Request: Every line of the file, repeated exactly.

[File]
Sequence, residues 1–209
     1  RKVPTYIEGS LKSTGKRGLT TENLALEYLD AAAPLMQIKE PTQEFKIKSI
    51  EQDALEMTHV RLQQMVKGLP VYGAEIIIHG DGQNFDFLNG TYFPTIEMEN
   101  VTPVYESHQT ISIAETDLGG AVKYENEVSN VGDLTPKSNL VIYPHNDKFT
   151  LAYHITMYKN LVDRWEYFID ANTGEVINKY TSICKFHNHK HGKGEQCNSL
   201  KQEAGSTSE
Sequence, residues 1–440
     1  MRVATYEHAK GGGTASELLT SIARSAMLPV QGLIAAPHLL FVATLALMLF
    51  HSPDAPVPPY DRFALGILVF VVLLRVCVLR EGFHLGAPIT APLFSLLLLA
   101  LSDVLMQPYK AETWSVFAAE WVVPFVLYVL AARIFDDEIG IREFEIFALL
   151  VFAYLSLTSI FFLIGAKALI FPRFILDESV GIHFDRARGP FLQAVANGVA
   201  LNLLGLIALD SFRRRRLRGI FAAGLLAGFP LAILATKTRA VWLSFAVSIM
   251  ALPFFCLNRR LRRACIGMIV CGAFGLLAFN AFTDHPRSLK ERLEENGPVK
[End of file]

Sequence, residues 1–209
     1  RKVPTYIEGS LKSTGKRGLT TENLALEYLD AAAPLMQIKE PTQEFKIKSI
    51  EQDALEMTHV RLQQMVKGLP VYGAEIIIHG DGQNFDFLNG TYFPTIEMEN
   101  VTPVYESHQT ISIAETDLGG AVKYENEVSN VGDLTPKSNL VIYPHNDKFT
   151  LAYHITMYKN LVDRWEYFID ANTGEVINKY TSICKFHNHK HGKGEQCNSL
   201  KQEAGSTSE
Sequence, residues 1–440
     1  MRVATYEHAK GGGTASELLT SIARSAMLPV QGLIAAPHLL FVATLALMLF
    51  HSPDAPVPPY DRFALGILVF VVLLRVCVLR EGFHLGAPIT APLFSLLLLA
   101  LSDVLMQPYK AETWSVFAAE WVVPFVLYVL AARIFDDEIG IREFEIFALL
   151  VFAYLSLTSI FFLIGAKALI FPRFILDESV GIHFDRARGP FLQAVANGVA
   201  LNLLGLIALD SFRRRRLRGI FAAGLLAGFP LAILATKTRA VWLSFAVSIM
   251  ALPFFCLNRR LRRACIGMIV CGAFGLLAFN AFTDHPRSLK ERLEENGPVK